Early Alumnae Helped Break Old ‘Habits’


05/04/2018

Alumnae who enrolled those first few years said they were welcomed, challenged, and supported.

When women began to attend St. Ambrose as full-time students in the fall of 1968, it marked a change in the university's long-standing history as an all-male institution. Alumnae who enrolled those first few years said they were welcomed, challenged, and supported; and they highly value their Ambrosian experience, friendships and education.

Kathy Williams '72 attended a large co-ed high school and was very comfortable being one of the first female students at St. Ambrose in 1968. As she sat in Rev. Herman Strub's class, however, she realized some changes would require a bit more time to process.

"Fr. Strub had a habit of saying, 'You are all good men.' And to that I would respond, 'Thank you, Sister,'" she said, with a laugh. "He wasn't doing it intentionally, but out of habit."

Williams said she always felt accepted by her male classmates. In fact, she bonded with many, finding a community of supportive peers and a campus open to discussion and different opinions. "I never felt unwelcomed or challenged because I was a female. I felt challenged because I was an English major and because I was conservative in a very liberal time," she said.

Paula (Laird) Raney '72 also was one of the first full-time female students. She was drawn to St. Ambrose by a partial scholarship and its strong engineering and physics programs. "It was interesting; I would be in class and suddenly realize I was the only woman," she said.

Yet Raney never felt uncomfortable.

"The students in the engineering program were great. My classmates were very helpful," she said, "and the faculty was tremendous. They made sure you were successful and understood the material, and if not, they invited you to stop by their office to get extra help.

"It was not only the faculty and my peers, the whole campus was welcoming," she said.

Christine (Krumdieck) Shelton '73 enrolled in 1969 as a commuter student, but at mid-semester decided to move into the brand new, female-only residence hall, South Hall (now known as Cosgrove Hall). She said it was built with an amenity the male residence halls lacked-a full, shared bathroom for every two rooms.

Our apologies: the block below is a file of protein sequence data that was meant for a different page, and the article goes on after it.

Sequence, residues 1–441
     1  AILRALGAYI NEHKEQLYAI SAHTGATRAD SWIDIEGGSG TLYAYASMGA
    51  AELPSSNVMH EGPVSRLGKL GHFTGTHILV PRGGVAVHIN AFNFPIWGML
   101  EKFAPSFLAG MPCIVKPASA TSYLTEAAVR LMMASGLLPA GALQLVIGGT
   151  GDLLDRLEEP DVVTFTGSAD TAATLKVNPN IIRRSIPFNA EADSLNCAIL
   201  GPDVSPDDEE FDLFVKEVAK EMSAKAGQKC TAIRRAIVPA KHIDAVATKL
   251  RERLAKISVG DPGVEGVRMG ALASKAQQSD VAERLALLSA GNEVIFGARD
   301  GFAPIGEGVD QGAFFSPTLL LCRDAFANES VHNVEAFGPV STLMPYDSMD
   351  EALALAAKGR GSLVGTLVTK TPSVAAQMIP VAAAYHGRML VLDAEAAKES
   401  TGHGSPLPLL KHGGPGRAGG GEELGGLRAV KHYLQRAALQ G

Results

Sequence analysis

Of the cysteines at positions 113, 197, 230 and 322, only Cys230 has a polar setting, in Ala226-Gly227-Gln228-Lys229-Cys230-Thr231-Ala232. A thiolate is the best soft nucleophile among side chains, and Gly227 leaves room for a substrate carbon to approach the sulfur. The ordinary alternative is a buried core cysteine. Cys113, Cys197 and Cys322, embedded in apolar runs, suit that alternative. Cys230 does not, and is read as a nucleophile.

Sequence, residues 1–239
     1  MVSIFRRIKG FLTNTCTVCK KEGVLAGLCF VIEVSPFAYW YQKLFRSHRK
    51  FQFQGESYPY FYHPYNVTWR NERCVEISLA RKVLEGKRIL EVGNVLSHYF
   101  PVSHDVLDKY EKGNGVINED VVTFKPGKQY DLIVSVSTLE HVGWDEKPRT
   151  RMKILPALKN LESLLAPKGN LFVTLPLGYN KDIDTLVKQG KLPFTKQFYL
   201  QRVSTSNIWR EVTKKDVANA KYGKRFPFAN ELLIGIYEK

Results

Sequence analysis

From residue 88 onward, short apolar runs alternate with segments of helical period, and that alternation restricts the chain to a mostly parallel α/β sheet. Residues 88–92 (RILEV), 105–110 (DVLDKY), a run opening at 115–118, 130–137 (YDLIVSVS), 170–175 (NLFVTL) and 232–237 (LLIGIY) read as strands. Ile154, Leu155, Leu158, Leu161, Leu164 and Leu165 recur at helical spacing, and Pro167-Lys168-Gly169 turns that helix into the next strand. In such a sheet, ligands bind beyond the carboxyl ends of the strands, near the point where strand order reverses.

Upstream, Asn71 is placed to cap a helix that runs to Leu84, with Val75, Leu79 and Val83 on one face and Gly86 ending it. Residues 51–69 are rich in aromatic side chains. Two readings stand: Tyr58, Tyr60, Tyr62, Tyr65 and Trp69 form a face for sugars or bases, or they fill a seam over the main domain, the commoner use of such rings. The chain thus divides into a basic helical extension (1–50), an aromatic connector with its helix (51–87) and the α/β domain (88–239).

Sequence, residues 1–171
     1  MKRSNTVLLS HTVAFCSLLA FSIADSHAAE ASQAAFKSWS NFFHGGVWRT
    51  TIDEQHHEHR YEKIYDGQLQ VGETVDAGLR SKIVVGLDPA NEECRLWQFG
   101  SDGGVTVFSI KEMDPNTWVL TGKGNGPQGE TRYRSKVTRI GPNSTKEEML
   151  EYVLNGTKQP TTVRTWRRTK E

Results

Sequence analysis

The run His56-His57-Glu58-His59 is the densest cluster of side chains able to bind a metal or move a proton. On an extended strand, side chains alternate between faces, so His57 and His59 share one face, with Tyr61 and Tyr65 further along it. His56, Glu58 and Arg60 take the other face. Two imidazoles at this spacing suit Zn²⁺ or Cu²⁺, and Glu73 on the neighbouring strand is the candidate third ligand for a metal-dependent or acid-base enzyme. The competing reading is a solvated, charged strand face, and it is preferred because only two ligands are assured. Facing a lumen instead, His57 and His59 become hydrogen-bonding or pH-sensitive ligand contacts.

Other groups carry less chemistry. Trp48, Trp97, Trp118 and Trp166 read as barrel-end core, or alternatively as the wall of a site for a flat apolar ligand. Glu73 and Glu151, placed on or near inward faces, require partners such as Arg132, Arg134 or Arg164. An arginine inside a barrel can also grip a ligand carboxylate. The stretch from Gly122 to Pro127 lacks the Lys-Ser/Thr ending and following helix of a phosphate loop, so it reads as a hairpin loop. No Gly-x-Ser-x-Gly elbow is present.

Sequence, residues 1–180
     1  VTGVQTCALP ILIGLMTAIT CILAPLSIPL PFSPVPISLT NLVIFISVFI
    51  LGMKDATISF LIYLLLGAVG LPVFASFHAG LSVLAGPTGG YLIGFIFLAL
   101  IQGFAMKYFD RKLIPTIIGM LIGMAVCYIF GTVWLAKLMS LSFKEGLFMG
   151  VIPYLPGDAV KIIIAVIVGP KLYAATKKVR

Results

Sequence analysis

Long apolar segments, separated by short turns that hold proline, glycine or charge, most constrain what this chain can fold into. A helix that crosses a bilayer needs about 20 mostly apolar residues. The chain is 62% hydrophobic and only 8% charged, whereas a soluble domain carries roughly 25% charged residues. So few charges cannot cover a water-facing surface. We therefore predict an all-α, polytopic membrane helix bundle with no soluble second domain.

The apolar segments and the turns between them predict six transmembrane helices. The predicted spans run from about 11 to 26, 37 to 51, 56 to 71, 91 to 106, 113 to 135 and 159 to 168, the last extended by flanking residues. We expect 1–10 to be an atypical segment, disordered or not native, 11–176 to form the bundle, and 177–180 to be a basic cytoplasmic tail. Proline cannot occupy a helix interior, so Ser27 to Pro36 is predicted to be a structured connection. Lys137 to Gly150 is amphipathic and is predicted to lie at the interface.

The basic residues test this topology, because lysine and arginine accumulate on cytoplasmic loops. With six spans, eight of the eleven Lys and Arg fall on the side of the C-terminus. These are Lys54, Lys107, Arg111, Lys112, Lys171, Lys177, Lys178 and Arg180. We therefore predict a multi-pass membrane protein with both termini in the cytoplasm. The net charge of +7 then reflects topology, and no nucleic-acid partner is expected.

Shelton said she and the other estimated 50 women who lived in South Hall that first year were envied and even teased a bit by their male peers.

"Everyone thought we were the cream of the crop," she said. "But we were very well accepted by the male students." The same was true of the faculty. "We were treated as equals, and we were respected and valued," she said.

Moving into South Hall strengthened Shelton's ties to St. Ambrose. "Living in the dorms was a much different experience than when I was a commuter student because there was such a sense of community. I saw the same women day after day," she said.

As her social circle grew, Shelton formed lifelong bonds with some of the women she met in South Hall as well as her male classmates, many who were seminarians. They challenged and supported each other during a time of great debate about the Vietnam War.

"I liked going to college. I liked the academic growth. But the difference in me as an individual came out of those friendships. I believe I am the woman I am today because of the community that supported me," Shelton said.

Helen Schwartzhoff '75 agrees. "Something very special happened to me at St. Ambrose."

Schwartzhoff enrolled in the fall of 1971 as an art major. She lived on the fourth floor of South Hall and Shelton was her RA. They became close friends and part of a group of Ambrosians who continue to meet once a year and spend a week together.

Schwartzhoff said it was at St. Ambrose that she realized the world was changing; women were no longer expected to be lifelong homemakers and they weren't being sent to college to find a husband. She was there to gain an education that would support her throughout life, and she changed her major to education.

At one point, she joined a women's group that met in South Hall. "I remember going to the dorm room, and the women who were sitting on those twin beds are still my friends today," she said. Schwartzhoff also got involved in social justice activities and the peace movement and gained a wealth of experience. "It was a great time for liberal arts education and I had the ability to explore many different things," she said.

"St. Ambrose was a great community and I felt supported as a woman on campus."

–Dawn Neuses '94

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